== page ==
This is very effective from a marketing point of view, you can engage directly with active communities that are relevant to the products or services you are offering. Sharing content here is very targeted.
WeChat have also incorporated ‘mini stores’ to allow instant sales via the platforms in-built e-wallet payment system. This makes payment very easy and convenient.
‘Vancouver Fashion Week’ grew their reputation and visibility WeChat by sharing quality articles on the event which was specifically aimed at Chinese fashionista’s, buyers, visitors and exhibitors. Posts were on average liked over 2000 times and shared 250 times onto user’s news feeds. This generated a real ‘buzz’ about the event on the largest digital information feed in China. There is a much stronger culture of sharing in this market.
Weibo is ‘China’s Twitter’, the name literally translates as ‘micro blog’. It has not been beset by the same issues that Twitter has with many different revenue streams. There are a host of campaigns that can be run on this very ‘brand friendly platform’.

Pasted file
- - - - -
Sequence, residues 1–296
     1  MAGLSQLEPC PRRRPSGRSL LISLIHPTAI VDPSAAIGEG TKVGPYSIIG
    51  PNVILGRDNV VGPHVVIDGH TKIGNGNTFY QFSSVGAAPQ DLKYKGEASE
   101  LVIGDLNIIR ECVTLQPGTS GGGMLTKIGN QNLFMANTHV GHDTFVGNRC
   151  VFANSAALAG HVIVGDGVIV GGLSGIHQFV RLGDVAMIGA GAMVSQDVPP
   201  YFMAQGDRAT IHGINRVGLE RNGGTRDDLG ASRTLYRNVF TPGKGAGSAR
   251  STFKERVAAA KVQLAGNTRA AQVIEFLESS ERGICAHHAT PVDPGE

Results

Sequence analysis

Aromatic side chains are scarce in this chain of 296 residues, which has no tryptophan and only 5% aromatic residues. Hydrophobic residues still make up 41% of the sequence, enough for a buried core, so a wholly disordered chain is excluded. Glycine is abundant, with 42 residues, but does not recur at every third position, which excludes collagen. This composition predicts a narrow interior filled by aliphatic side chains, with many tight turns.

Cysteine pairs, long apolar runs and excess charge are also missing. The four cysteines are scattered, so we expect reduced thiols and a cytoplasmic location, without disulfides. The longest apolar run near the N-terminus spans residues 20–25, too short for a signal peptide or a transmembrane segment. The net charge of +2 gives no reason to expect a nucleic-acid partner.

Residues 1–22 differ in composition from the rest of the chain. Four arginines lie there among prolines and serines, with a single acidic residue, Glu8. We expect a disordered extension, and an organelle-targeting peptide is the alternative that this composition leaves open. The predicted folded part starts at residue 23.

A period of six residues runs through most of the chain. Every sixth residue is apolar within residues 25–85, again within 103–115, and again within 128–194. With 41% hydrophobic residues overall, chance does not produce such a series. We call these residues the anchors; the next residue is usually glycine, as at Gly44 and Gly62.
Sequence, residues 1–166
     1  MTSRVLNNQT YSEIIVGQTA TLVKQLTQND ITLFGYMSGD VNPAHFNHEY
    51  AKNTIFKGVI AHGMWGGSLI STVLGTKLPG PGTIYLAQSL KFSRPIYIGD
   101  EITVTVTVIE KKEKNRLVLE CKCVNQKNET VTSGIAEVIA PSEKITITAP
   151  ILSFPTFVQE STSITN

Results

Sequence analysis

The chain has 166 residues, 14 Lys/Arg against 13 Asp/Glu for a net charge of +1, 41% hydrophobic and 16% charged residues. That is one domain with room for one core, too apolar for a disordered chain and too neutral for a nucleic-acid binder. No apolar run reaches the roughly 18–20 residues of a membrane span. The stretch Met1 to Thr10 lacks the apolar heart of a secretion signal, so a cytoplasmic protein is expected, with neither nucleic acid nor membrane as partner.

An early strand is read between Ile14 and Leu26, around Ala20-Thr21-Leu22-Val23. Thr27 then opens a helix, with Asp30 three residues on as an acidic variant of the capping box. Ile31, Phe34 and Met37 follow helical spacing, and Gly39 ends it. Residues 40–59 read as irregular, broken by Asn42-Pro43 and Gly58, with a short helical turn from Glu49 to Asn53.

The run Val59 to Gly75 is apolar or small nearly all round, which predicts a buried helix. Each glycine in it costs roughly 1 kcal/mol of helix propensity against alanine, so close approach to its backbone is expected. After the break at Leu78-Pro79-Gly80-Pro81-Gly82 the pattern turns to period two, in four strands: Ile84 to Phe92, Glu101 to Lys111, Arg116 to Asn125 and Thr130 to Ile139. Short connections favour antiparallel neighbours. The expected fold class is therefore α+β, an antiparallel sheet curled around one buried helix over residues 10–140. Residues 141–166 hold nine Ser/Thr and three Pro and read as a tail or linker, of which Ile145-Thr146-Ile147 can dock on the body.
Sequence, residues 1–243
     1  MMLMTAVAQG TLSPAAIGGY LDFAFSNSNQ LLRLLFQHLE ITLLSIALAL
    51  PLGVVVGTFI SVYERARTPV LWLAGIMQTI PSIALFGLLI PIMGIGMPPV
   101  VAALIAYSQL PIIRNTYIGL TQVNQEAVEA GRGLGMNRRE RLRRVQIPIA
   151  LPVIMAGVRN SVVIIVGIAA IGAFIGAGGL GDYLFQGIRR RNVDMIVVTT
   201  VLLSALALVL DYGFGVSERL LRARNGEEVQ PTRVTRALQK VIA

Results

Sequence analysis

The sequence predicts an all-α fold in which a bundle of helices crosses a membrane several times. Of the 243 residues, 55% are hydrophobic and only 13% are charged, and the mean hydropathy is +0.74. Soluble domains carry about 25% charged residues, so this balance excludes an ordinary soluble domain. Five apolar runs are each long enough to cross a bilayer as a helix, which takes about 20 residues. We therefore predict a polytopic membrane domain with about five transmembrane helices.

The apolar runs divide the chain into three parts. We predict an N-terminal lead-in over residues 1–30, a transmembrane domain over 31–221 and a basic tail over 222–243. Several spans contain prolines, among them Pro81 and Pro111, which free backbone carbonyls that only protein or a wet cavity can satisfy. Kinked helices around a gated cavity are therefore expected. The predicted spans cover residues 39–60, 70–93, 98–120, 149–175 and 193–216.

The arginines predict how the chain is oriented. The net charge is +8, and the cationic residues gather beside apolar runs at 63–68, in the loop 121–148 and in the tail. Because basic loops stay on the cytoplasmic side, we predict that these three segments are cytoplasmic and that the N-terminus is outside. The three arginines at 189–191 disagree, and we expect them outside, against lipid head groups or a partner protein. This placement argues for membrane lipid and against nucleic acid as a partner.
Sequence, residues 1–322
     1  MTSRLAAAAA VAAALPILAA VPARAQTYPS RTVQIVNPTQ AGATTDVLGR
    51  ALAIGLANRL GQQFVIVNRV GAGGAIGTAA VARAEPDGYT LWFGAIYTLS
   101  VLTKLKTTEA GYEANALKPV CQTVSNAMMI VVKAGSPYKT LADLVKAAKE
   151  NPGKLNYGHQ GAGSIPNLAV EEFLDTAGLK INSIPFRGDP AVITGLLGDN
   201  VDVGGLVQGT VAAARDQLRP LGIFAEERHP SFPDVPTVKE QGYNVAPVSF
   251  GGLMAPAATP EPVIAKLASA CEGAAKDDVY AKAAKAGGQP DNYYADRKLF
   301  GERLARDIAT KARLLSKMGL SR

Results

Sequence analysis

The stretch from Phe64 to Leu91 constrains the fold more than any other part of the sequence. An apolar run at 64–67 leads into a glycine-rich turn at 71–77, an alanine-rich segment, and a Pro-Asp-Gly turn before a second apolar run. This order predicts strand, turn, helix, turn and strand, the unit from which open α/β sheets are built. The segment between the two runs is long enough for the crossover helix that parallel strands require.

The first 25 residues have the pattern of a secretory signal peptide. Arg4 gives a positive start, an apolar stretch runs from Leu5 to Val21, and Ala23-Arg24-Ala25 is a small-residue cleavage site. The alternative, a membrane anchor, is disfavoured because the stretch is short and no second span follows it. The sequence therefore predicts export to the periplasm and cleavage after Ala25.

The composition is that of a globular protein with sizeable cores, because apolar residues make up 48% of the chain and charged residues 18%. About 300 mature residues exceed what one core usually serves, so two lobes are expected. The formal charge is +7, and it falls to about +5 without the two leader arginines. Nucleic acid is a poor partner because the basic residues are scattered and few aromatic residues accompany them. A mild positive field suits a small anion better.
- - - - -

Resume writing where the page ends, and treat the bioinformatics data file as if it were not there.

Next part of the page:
Weibo is far more ‘open’ network, users can see posts from anyone, they don’t have to be connected first.. this increases the likelihood of building visibility.
Weibo were thought to be losing out with the rise of WeChat but they are still showing great growth.
A few key features include live streaming and a very good integration with e-commerce, China’s kingpin e-retail giant ‘Alibaba’ are now behind the platform creating a very supportive environment for brands and sales.
WeChat is certainly a more active platform which can make it harder to be visible, Weibo on the other hand with it’s 250 million active users is less congested, allowing more space for brands to market themselves.
Weibo worked wonders for the Austrian children’s drink brand ‘Twist & Drink’. They created a colorful campaign based around different cartoon characters for each flavored drink bottle. Weibo was used to interact with potential consumers, they increased their following by 134% by taking an active ‘social’ approach. They also used live streaming to showcase the products to their followers.